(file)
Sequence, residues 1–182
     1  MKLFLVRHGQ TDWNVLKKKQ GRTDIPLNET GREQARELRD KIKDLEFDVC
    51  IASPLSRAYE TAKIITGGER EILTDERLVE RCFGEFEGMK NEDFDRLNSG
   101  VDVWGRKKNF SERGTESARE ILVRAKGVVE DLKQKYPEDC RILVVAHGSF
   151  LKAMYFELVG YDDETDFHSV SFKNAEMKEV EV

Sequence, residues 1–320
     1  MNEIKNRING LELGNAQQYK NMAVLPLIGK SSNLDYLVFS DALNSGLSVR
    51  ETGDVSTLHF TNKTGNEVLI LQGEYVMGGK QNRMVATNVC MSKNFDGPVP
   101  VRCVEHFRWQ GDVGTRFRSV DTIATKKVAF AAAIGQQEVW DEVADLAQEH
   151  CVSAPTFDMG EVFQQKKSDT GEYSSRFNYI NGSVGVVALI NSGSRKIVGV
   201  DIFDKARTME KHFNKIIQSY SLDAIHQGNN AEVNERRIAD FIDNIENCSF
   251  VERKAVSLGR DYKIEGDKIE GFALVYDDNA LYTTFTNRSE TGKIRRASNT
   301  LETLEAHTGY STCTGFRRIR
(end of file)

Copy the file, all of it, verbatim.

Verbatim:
Sequence, residues 1–182
     1  MKLFLVRHGQ TDWNVLKKKQ GRTDIPLNET GREQARELRD KIKDLEFDVC
    51  IASPLSRAYE TAKIITGGER EILTDERLVE RCFGEFEGMK NEDFDRLNSG
   101  VDVWGRKKNF SERGTESARE ILVRAKGVVE DLKQKYPEDC RILVVAHGSF
   151  LKAMYFELVG YDDETDFHSV SFKNAEMKEV EV

Sequence, residues 1–320
     1  MNEIKNRING LELGNAQQYK NMAVLPLIGK SSNLDYLVFS DALNSGLSVR
    51  ETGDVSTLHF TNKTGNEVLI LQGEYVMGGK QNRMVATNVC MSKNFDGPVP
   101  VRCVEHFRWQ GDVGTRFRSV DTIATKKVAF AAAIGQQEVW DEVADLAQEH
   151  CVSAPTFDMG EVFQQKKSDT GEYSSRFNYI NGSVGVVALI NSGSRKIVGV
   201  DIFDKARTME KHFNKIIQSY SLDAIHQGNN AEVNERRIAD FIDNIENCSF
   251  VERKAVSLGR DYKIEGDKIE GFALVYDDNA LYTTFTNRSE TGKIRRASNT
   301  LETLEAHTGY STCTGFRRIR